The new marketing campaigns seem like they are working. Traffic is up – way up. But, purchases are lagging. That big increase in visitors isn’t translating into sales. Why not? What’s going on?
As the resident web analytics guru, your company is counting on you to figure out why more traffic doesn’t automatically mean more sales. You know that the new campaigns are sending visitors who don’t engage with the company’s brand. But, how do you quantify engagement? And how do you measure where your engaged visitors come from so the marketing team can adjust their campaigns to attract the right audience and get more of those folks to your site?
This post looks at how Google Analytics Events can be used to track engagement and provide the data you need to better target campaigns.
Your public relations (PR) team is celebrating. They just placed an article on the front page of TechCrunch and its driving huge traffic to the website.
It’s great news, of course. It’s a verifiable PR homerun! But, as a web analyst, you want to know more about the traffic that’s coming in from that article. Are those visitors engaged? Do they come back? Do they convert? What is the value of the placement to the business?
In the coming days, you’ll be able to measure the effect of this placement. As the data guru, your job is to identify the most effective campaigns and share that information with your PR team to help them produce the biggest bang for the marketing dollar. So, how will you communicate that analysis effectively to them?
To be effective, your report to the Public Relations team must present a clear picture of the quality of the traffic they generated, as well as the volume. This post shows some ways that you can do that.
You’ve spent hours putting together an incredibly in-depth analytics report. Page after page, you carefully laid out details like where users came from, how they navigated the site, which sources converted, how organic traffic is trending, etc. You proudly send the report off to the CEO, anticipating positive feedback on your thorough analysis and presentation.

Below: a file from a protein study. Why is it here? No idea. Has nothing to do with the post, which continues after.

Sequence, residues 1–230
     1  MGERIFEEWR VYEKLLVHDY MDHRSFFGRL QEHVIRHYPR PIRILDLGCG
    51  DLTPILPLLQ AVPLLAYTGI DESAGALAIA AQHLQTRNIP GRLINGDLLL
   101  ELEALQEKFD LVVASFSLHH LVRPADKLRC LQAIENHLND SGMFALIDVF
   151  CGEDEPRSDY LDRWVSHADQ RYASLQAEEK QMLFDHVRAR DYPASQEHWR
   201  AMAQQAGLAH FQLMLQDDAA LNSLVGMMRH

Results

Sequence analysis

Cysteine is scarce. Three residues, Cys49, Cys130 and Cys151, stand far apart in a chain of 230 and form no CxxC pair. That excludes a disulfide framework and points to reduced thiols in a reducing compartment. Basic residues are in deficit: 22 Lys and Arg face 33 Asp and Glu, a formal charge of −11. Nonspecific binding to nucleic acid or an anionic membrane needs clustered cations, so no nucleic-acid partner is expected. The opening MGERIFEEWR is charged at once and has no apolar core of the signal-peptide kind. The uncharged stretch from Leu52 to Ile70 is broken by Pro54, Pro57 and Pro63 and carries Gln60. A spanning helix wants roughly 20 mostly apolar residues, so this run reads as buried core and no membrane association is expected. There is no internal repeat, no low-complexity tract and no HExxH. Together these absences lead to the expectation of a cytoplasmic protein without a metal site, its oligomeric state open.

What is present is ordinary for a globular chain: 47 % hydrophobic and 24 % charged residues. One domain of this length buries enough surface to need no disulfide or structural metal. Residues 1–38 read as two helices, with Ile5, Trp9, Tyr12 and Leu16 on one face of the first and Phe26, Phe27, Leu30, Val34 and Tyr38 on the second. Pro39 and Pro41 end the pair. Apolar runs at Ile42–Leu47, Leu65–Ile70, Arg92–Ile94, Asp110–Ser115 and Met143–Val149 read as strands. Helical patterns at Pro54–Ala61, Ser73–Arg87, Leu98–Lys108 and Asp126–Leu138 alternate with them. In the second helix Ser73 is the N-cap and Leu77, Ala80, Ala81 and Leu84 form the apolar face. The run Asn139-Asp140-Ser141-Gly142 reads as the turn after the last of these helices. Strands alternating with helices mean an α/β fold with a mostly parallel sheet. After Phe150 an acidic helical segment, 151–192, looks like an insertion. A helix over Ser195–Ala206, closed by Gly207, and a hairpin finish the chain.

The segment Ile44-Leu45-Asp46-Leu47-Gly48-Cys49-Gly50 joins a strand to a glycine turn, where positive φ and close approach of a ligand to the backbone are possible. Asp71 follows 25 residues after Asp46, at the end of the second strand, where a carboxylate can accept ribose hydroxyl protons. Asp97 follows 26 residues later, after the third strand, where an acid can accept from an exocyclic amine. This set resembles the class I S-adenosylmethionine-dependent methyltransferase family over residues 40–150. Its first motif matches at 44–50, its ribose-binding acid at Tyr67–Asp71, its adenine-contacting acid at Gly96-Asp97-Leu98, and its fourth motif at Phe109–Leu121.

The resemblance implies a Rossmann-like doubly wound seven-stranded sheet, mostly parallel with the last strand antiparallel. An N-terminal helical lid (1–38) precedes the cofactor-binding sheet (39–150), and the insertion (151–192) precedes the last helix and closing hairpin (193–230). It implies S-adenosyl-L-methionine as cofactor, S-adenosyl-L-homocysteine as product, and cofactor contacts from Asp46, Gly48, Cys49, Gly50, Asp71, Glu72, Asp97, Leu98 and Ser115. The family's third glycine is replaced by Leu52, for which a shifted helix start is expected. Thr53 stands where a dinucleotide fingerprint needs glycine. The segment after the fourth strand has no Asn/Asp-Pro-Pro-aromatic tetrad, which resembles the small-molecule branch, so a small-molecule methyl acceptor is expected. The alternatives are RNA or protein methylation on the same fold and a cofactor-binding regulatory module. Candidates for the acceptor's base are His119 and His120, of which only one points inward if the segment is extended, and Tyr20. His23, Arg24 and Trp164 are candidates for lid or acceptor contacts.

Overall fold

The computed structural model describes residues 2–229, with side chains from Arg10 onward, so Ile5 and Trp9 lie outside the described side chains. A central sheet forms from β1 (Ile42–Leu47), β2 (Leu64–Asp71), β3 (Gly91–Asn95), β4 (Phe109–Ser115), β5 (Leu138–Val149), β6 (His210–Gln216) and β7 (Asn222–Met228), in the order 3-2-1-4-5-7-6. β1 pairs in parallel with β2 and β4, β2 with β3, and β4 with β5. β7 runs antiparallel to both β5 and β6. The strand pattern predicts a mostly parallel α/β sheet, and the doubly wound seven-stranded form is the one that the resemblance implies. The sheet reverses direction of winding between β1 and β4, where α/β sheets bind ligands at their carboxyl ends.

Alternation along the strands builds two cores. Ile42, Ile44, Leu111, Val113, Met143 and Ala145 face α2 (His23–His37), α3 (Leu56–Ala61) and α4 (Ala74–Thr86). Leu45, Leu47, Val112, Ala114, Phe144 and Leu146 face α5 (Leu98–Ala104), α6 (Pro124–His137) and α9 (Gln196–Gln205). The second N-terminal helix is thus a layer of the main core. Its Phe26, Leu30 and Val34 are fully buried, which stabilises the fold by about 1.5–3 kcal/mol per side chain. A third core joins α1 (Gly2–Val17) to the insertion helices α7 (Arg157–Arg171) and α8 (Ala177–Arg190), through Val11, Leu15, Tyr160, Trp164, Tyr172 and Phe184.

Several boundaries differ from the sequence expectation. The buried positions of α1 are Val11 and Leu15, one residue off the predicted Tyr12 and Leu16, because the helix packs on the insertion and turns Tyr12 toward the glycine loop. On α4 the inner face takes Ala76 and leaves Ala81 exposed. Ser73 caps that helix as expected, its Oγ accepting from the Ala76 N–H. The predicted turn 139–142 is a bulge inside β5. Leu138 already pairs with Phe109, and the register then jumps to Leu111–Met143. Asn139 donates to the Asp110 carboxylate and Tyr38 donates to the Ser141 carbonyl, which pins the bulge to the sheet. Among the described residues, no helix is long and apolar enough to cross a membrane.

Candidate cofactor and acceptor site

Days later, you get a brief email reply: “I don’t have time to read all this. Just give me the big picture.”
Don’t get frustrated. There isn’t time. You need to rework the report from the ground up, this time only showing a few of the most important statistics.
Has a boss or client ever asked you to create an “Ecommerce Report?”
I know. It’s a common and frustratingly vague request. But, if a business has invested in implementing Google Analytics Ecommerce tracking
, chances are they expect regular reporting to track progress and deliver insight about what’s working and where improvement is needed (if they don’t, that’s a whole other concern…).
A good Ecommerce Report not only tracks revenue earned on the website, but delivers insight into where the revenue is coming from – which demographics, marketing channels, geographies, etc. This information is all available in Google Analytics, however, it is a lot more difficult to put it into a report format that would please a boss or client.
That’s where Megalytic
can help. Megalytic provides a set of Ecommerce widgets that you can customize for your needs and arrange into a comprehensive Ecommerce report.